Travel Guide How Much Does Alaska Trip Cost For American ONLY Riverside

Step By StepVisiting National Parks In Alaska

 

Here are some recommendations of exactly where and how to spend your time in Alaska.
Whether it’s whitewater rafting in Denali National Park or taking in the views from a float plane, there is plenty of adventure to be found in Alaska. Take a look at some of them here.

1 . Get on the water.

The condition is full of whitewater, and Denali National Park is one of the easiest places to access this. The north-flowing, glacier-fed Nenana River parallels the Parks Motorway by the national park entrance, and workers typically run two trips on it: the mellow, scenic McKinley Run, and the faster Canyon Run, including several class 3 and IV rapids. You can raft the Canyon with Denali Raft Adventures ($89, 2 hours) – you’ll appreciate the provided drysuit.

Fishing can be another popular on-the-water activity. There are trout in the rivers, trout in the lakes, and huge halibut and cod out at ocean.

A wildife/glacier-viewing day cruise out of Seward is also enjoyable. The Alaska Native-owned Kenai Fjords Tours offers some different routes, from four to nine hours. You’re very likely to see sea otters, puffins, bald silver eagles, seals, sea lions, whales and maybe a bear, along with the calving glaciers, rookery island destinations, and shoreline highs of Resurrection Gulf.

 

Rafting the Nenana River
Flickr/Katie Loehr
More information
Denali Raft Adventures
Kenai Fjords Tours

2. Hike with a guideline.

Alaska is a land of backcountry, settled by people who hiked out, found a piece of ground that looked good and built a family vacation cabin on it. You can get a sense of the vastness from the land by going on your own backcountry trek. Denali is a good place for it – the National Recreation area covers more than two million hectares and has relatively few established trails. There are endless opportunities for shorter hikes in southcentral and interior Alaska as well.

Regardless how long you’re for the trail, it’s all set with a guide. Having a company like Alaska Nature Guides, you’ll be led by a local, someone who blazed their own trek and made a home in the bush. Their ideas about the property, its history and its particular flora and fauna will add layers of meaning to a rise you won’t get otherwise.

ANG is usually one of few businesses with Gold Level Certification in the Adventure Green Alaska system, which recognizes them as an industry head in environmentally and culturally sustainable methods. They run guided hikes in Denali State Park (east of and next to the National Park), as well as around Talkeetna Lakes Park, just outside of town.

Look at of Denali State Park
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View of Denali National Park
Flickr/Blmiers2
More information
Alaska Nature Guides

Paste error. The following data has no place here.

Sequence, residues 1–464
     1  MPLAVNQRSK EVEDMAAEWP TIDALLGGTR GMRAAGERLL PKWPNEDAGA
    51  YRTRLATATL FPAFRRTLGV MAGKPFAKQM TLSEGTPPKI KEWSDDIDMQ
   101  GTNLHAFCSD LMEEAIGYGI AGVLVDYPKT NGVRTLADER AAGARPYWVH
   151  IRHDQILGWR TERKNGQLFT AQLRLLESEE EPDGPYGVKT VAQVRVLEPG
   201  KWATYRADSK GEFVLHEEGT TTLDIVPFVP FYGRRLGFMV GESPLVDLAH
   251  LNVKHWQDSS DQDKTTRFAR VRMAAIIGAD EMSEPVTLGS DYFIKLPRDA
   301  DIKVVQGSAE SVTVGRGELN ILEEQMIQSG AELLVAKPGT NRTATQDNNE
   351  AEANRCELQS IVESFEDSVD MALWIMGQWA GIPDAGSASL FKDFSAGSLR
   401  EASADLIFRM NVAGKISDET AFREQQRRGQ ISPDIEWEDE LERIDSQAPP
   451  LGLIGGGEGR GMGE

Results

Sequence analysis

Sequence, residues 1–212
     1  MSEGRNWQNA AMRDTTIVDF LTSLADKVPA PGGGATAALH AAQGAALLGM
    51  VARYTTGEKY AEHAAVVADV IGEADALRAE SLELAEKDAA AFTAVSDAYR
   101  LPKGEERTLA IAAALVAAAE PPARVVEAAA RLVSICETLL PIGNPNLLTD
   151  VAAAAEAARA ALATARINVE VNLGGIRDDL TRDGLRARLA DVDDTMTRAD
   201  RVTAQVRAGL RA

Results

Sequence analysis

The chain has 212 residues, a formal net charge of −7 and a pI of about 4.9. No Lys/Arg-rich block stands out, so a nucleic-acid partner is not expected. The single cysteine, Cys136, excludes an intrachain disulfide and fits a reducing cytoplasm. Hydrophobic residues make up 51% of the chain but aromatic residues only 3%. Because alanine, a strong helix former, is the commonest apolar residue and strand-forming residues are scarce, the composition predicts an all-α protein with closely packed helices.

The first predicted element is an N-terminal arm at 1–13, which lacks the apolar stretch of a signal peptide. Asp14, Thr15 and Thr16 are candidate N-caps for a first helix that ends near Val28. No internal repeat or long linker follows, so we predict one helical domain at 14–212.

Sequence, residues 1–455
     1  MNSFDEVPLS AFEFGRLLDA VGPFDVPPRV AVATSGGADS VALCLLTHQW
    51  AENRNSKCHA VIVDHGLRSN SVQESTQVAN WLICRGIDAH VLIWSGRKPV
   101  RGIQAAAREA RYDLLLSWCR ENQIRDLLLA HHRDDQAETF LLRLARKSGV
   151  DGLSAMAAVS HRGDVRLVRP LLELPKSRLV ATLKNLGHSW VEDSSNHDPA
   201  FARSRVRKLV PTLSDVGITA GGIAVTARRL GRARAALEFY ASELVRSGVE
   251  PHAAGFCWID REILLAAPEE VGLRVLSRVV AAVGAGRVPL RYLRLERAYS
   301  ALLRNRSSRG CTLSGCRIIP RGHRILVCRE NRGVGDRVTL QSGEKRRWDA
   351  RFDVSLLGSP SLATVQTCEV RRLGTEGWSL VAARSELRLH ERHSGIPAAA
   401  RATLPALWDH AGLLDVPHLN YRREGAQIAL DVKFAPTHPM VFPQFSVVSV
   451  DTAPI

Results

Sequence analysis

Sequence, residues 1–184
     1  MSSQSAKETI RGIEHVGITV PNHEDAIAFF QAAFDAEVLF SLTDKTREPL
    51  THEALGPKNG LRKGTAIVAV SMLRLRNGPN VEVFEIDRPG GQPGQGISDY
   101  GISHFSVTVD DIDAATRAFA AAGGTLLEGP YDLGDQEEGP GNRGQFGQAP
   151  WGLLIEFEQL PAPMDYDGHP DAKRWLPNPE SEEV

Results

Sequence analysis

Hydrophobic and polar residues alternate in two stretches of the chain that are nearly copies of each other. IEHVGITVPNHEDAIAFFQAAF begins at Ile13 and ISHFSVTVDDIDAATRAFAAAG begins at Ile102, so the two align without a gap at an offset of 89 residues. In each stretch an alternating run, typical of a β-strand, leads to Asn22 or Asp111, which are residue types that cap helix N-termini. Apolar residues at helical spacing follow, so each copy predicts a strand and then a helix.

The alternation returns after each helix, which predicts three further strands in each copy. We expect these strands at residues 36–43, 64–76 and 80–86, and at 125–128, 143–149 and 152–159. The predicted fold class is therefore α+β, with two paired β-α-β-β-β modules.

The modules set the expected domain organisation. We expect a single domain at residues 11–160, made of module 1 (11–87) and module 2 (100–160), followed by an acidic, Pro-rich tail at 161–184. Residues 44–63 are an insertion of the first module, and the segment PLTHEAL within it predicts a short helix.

Experience Green Alaska

3. Fly to the mountains; climb if you can.

The Alaska Range defines the topography of the state, a crescent spine that figure from the southeastern boundary with Canada, up to just south of Fairbanks, and back down to the sea on the mouth of Make Inlet. The section most people know and visit, though, is the area surrounding Denali, North America’s tallest peak at 6, 193. 5 metres, and its two neighbours, Foraker (5, 303. 5 meters) and Hunter (4, 256. 5 meters).

Getting the view is definitely nice; one of the best locations to do so is from your back deck area of the Talkeetna Alaskan Hotel. But you get a completely different perspective once you’re actually in the mountains, standing on a glacier, looking up and around at a jagged world of white. To do that, you will need a plane.

A handful of businesses run “flightseeing” travels out of Talkeetna, K2 Aviation being the biggest. It’s also possible to journey in from the Denali area. Whoever you fly with, sign up for a glacier landing for the full impact.

This is also how climbers access the mountains. For information upon climbing, check the National Park’s mountaineering source page.

A float plane in Alaska

Flickr/RLevans
More information
Talkeetna Alaskan Lodge
K2 Modern aviation
Denali National Park Mountaineering Resource Page

4. Stay at a boat/plane-accessed villa.

Fox Island is usually a stop on two Kenai Fjords day cruises, but you can stay overnight at the Kenai Fjords Wilderness Resort. The property comprises eight cabins (each with capacity for a family of four) lined up between the rocky beach and the back tidal lagoon. Package overnight remains that feature a day cruise on departure day start can be found. Kayaking and fishing trips are available at additional cost for overnighters; they’re part of the deal if you stay more than one night.

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On the contrary side of the Kenai Peninsula, Tutka Gulf Lodge has an even more remote feel to it, accessed by water taxi through the Homer Spit or sea plane. Tutka is one of the fjords cut into the southern side of the larger Kachemak Bay, and the whole area features wintry peaks and Sitka spruce-covered ridges that run right into the ocean. The lodge is set back on a beach opposite a little headland – you can’t see it until you’re almost on top of this. But once you’re there it’s quite expansive, with a substantial central deck (with hot tub and sauna), and pathways that connect the main hotel building and six luxury cabins of varying size. The Eagle’s Nest Chalet (sleeps five) most likely has the best view.

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Rates start $1, 300 per night time and include three chef-prepared meals a day, a one-hour massage, wine tastings, yoga, and pretty much any well guided activity you can think of — kayaking, hiking to glaciers, mountain bicycling, local fishing and boat trips, nature walks, and food preparation classes.

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